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Jun 12

Free Comic Book Day: Avengers / X-Men / Eternals

Posted on Sunday, June 12, 2022 by Paul in x-axis

“Of Deviation and Mutation”
Writer: Kieron Gillen
Artist: Dustin Weaver
Colourist: Marte Gracia
Letterer: Cory Petit
Editor: Tom Brevoort

Writer: Danny Lore
Artist: Karen S Darboe
Colourist: Ian Herring
Letterer: Cory Petit
Editor: Annalise Bissa

“Let’s Talk About Krakoa”
Writer: Gerry Duggan
Artist: Matteo Lolli
Colourist: Rain Beredo
Letterer: Clayton Cowles
Design: Tom Muller
Editor: Jordan D White

This is, to be honest, one of those comics where there seems to be a bit of ambiguity about what it’s, you know, actually called, which is always helpful when people might want to find it on Marvel Unlimited at some point. The cover has a Judgment Day logo. Marvel Unlimited has it listed as just Free Comic Book Day: Avengers / X-Men, with no mention of the Eternals. Let’s split the difference.

So there are three stories here. If you’re expecting one each for the Avengers, the X-Men and the Eternals, well, no. The lead story is a prologue – really more of a trailer – for the upcoming A.X.E.: Judgment Day crossover, and while the Avengers put in a brief appearance and the X-Men get a cameo, it’s an Eternals story. It’s by Eternals writer Kieron Gillen, it’s got Eternals‘ signature narration, and it’s setting up very much an Eternals concept.

If you’ve been reading Eternals it will not have escaped your notice that this stuff about resurrection machines and such forth is awfully similar to Krakoa. It’s actually been part of the Eternals’ mythos since at least the Neil Gaiman run, but once again the Eternals find themselves a slightly awkward fit in the Marvel Universe. There’s a plausible theory that says they were never really meant to be in the Marvel Universe to begin with – the basic concept of the original series, that the Eternals are the “real” people who were interpreted as gods, and the Deviants are the basis for all our stories about demons, has always sat uncomfortably in a world with superheroes and, especially, one with Thor. But viewed from the right angle, these things can also be a source of tension that you can build on.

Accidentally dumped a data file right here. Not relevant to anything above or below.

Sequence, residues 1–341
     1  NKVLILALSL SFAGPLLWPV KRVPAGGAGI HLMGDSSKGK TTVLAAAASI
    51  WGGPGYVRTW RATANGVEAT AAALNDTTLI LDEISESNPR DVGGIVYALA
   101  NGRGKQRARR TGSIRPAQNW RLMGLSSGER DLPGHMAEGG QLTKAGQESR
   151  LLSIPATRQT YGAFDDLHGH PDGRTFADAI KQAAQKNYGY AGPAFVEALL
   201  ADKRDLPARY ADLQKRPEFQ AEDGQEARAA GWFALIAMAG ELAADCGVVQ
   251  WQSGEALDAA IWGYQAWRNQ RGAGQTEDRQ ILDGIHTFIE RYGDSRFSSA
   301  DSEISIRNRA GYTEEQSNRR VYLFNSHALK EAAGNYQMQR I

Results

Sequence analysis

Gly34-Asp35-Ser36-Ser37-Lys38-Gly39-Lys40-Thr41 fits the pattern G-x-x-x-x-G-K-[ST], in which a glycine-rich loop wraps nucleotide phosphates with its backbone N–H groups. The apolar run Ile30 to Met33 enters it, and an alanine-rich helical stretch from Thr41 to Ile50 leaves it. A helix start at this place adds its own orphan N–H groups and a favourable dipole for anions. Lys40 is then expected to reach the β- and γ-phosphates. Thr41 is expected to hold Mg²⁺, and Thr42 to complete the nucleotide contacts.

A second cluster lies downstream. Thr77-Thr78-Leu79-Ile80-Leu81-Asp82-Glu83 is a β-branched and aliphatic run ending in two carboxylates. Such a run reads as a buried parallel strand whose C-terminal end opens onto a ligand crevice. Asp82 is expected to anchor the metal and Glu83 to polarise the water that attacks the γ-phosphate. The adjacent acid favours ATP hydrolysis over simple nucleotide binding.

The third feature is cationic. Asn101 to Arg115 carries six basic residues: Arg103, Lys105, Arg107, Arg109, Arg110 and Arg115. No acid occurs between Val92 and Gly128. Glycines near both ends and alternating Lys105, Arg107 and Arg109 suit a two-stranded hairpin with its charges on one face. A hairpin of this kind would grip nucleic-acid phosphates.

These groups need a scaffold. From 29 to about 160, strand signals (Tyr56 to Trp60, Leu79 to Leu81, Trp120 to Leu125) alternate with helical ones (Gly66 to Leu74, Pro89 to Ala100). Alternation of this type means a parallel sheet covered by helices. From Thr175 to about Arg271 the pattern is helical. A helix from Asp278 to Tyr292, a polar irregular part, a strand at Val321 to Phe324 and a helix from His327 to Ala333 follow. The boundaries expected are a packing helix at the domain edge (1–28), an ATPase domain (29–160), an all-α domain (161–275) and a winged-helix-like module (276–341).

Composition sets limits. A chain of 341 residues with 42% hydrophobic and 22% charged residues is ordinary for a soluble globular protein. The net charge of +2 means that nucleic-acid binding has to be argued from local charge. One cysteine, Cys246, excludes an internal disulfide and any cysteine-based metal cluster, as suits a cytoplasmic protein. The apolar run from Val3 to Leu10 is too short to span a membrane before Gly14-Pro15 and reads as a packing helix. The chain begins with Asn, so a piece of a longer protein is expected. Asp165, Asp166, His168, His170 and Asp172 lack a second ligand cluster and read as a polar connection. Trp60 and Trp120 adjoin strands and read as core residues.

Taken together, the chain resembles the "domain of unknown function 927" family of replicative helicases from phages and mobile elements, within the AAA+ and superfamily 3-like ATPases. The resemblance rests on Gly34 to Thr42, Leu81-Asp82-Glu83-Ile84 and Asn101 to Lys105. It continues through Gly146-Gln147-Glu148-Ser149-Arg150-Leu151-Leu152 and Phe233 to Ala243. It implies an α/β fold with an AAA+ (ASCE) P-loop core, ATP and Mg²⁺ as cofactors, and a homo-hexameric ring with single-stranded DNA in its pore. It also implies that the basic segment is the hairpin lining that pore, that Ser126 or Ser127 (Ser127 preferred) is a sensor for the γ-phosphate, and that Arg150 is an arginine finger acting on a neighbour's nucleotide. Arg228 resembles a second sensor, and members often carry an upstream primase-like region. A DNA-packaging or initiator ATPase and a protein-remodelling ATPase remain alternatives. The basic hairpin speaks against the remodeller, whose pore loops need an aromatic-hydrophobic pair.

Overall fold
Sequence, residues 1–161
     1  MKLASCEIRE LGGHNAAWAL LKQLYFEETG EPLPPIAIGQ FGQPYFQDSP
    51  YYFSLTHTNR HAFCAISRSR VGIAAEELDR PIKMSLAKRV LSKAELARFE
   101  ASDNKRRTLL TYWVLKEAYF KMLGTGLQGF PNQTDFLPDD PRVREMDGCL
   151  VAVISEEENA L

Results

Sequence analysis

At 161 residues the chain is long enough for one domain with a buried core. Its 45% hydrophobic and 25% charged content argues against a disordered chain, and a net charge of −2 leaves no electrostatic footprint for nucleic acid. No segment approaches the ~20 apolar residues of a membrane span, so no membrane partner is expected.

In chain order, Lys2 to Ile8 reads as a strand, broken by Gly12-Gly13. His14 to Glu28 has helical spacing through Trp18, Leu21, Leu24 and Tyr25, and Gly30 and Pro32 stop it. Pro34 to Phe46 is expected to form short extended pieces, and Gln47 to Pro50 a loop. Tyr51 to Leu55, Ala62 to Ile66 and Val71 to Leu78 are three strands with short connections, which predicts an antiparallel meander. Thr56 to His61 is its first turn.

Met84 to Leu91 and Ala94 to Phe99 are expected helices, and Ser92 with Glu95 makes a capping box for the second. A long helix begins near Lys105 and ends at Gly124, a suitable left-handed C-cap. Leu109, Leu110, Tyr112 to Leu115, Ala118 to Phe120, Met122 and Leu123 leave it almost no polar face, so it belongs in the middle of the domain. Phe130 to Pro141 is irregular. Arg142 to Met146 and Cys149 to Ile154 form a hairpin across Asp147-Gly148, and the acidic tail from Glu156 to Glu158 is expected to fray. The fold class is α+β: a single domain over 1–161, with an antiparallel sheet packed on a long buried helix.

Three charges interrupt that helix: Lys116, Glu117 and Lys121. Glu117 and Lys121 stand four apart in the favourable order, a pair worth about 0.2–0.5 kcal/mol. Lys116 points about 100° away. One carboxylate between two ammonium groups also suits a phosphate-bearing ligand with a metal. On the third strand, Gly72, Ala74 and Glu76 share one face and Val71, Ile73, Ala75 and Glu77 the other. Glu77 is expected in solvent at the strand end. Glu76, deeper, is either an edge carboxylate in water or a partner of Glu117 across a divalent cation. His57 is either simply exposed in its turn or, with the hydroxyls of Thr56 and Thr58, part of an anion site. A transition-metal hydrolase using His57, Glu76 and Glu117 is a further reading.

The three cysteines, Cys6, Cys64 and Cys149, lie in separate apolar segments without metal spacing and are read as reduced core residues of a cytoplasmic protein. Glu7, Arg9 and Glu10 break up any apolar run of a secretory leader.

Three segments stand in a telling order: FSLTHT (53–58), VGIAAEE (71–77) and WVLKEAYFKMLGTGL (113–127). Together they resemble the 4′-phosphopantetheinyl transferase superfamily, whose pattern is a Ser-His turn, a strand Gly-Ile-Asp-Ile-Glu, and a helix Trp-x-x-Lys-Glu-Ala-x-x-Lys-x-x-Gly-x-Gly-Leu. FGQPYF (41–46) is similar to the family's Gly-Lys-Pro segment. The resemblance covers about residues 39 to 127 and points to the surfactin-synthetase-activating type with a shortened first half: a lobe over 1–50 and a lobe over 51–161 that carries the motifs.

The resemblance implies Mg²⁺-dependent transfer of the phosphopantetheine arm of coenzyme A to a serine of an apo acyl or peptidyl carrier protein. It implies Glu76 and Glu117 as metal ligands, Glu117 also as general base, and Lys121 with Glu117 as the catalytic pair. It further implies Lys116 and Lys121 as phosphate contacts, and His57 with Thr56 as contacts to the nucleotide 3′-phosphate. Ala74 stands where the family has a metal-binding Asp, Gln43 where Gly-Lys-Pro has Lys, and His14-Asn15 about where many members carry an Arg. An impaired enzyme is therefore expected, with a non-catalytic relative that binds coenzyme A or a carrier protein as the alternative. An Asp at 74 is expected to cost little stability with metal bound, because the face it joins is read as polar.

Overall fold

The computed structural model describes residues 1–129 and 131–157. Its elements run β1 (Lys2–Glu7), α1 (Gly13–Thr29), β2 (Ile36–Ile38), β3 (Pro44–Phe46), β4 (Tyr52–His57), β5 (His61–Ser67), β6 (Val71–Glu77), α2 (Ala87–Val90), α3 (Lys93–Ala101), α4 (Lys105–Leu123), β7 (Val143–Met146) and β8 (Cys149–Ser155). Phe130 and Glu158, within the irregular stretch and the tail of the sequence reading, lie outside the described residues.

The basic set-up, as established in Eternals, is that the Eternals have a programmed function on Earth, which is to get rid of the Deviants when they mutate too far. This isn’t merely a cultural role for them, but an irresistible compulsion. But the traditional Marvel cosmology says that mutants were also created at the same time as the Eternals and the Deviants, so how do they fit in? The Eternals’ standard line seems to be that they’re not especially bothered about the mutants. But what if the mutants start getting ideas above their station and drifting into Eternal territory? Well, this is basically the Eternals wondering about that question (especially the nastier ones), and a flashback to the Eternals wiping out some nascent mutants a while back when they seemed on the verge of figuring out hive-minds.

It’s done as well as a nine-page trailer is going to be. I’m still not really sure I understand what any of this has to do with the Avengers, but I have faith in Kieron Gillen to have an answer in mind.

The second story is a four-page trailer for the upcoming Bloodline series, about Blade’s daughter. I can’t say it immediately grips me. The angle seems to be “Blade but more contemporary”, which means that she’s into gaming. It feels a bit box-ticking. But it’s only four pages. We’ll see how it goes.